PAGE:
There was no debate among our editorial team when it came to selecting the most interesting and worthy project worldwide for this year’s top award. Boundary Dam Power Station Unit 3 is the world’s first operating coal-fired power plant to implement a full-scale post-combustion carbon capture and storage system. It did so more economically than other commercially available capture processes, and the utility has been active since project initiation in sharing its experience with generators, regulators, and others globally.
The 2015 POWER Plant of the Year award goes to a single, relatively small coal-fired unit: Boundary Dam Power Station Unit 3 (BD3) and its integrated carbon capture (CC) plant. But the award really goes to SaskPower, the Saskatchewan provincial utility that owns the unit, for developing an entire carbon capture and sequestration (CCS) infrastructure and larger ecosystem to support that unit.
The magnitude of the need to lower greenhouse gas (GHG) emissions in order to limit the negative consequences of climate change has led many jurisdictions around the world to set GHG reduction goals and to adopt policies that place limits on emissions from new and existing coal-fired power plants. For example, Canada in 2012 passed legislation at the federal level requiring new coal-fired plants to include carbon capture and requiring existing plants reaching the end of their useful life (defined as 50 years) to shut down unless they are retrofitted with CC facilities. But even before then, Ontario decided to eliminate coal-fired generation (see “Ontario Goes Coal-Free in a Decade” in the May 2013 issue or in the archives at powermag.com), and SaskPower had already committed to its BD3 project.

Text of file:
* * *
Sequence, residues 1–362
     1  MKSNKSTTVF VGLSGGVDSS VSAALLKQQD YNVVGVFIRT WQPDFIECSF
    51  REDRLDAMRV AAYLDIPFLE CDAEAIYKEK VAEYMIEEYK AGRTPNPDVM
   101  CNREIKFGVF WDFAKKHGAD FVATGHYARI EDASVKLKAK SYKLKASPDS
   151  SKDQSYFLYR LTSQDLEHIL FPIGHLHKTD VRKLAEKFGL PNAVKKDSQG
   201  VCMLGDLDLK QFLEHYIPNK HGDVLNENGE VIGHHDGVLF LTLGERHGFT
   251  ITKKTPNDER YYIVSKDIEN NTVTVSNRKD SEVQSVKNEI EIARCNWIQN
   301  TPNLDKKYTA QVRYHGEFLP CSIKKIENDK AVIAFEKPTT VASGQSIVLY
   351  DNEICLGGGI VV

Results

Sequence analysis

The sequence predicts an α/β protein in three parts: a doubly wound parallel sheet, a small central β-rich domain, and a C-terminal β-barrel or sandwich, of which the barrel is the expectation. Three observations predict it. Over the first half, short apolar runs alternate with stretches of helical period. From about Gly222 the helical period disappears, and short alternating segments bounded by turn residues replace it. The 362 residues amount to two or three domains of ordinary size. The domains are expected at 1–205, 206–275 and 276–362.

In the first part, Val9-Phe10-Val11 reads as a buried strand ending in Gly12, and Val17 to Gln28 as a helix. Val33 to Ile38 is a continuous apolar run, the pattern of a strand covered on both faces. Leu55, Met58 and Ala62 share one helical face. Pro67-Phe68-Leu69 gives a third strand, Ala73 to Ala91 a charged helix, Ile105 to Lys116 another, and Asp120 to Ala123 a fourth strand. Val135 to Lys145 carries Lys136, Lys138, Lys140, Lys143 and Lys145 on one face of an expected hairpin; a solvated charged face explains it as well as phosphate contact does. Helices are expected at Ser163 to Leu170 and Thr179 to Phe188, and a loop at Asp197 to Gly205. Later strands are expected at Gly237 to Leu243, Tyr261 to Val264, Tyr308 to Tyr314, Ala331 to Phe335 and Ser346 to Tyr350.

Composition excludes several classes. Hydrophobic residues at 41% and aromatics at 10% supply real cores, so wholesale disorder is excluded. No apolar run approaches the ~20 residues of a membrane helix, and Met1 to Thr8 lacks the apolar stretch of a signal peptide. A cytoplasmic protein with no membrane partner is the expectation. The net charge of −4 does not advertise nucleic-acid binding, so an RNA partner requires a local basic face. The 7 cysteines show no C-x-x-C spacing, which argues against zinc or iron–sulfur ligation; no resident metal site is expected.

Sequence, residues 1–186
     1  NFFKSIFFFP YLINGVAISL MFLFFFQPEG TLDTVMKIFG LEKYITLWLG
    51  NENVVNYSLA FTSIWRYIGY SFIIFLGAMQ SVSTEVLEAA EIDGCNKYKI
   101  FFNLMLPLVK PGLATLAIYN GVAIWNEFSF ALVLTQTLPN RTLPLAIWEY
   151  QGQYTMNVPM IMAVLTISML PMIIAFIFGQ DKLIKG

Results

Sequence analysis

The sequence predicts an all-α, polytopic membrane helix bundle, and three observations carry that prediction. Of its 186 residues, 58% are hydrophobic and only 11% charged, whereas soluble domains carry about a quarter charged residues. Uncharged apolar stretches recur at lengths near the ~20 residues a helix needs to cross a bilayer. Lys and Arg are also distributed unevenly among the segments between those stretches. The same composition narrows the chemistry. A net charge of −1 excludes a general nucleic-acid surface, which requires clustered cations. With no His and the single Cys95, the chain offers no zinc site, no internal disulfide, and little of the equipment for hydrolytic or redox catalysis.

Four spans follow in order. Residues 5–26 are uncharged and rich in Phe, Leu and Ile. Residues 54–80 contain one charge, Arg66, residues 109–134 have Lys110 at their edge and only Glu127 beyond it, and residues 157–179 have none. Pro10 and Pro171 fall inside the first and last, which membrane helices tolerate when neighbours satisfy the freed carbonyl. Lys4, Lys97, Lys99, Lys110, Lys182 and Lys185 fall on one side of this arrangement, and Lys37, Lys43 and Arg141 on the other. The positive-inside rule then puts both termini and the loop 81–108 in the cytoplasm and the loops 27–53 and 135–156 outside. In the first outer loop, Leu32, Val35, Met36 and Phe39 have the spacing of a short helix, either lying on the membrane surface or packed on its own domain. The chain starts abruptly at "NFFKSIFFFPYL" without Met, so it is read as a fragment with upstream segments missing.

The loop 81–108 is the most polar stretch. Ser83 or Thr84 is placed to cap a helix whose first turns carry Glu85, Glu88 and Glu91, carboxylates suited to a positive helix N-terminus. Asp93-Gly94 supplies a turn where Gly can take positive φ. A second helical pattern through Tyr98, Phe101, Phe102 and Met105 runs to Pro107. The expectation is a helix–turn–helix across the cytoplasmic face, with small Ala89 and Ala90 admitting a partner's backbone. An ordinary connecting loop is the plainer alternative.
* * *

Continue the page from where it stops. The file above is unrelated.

Whereas some jurisdictions are striving to reduce emissions by replacing fossil fuels with renewables or nuclear power, others (typically, those with fossil fuel resources) are hoping that CCS technologies will enable the continued use of abundant and relatively affordable fossil fuel resources while keeping climate-forcing carbon dioxide (CO2) out of the atmosphere.
It’s true that equipping one 161-MW gross coal-fired unit with 90% carbon capture is a small step in the global context, but it’s also true that someone had to take it. The SaskPower team has taken what actually constitutes a giant leap for the coal-fired power industry and, consequently, has garnered attention from around the world.
I was fortunate to visit Boundary Dam Power Station (BDPS) and interview some of the project leaders in mid-May. The professionalism displayed by everyone I met is clearly one reason this project reached completion in a timely way and with minimal cost overruns.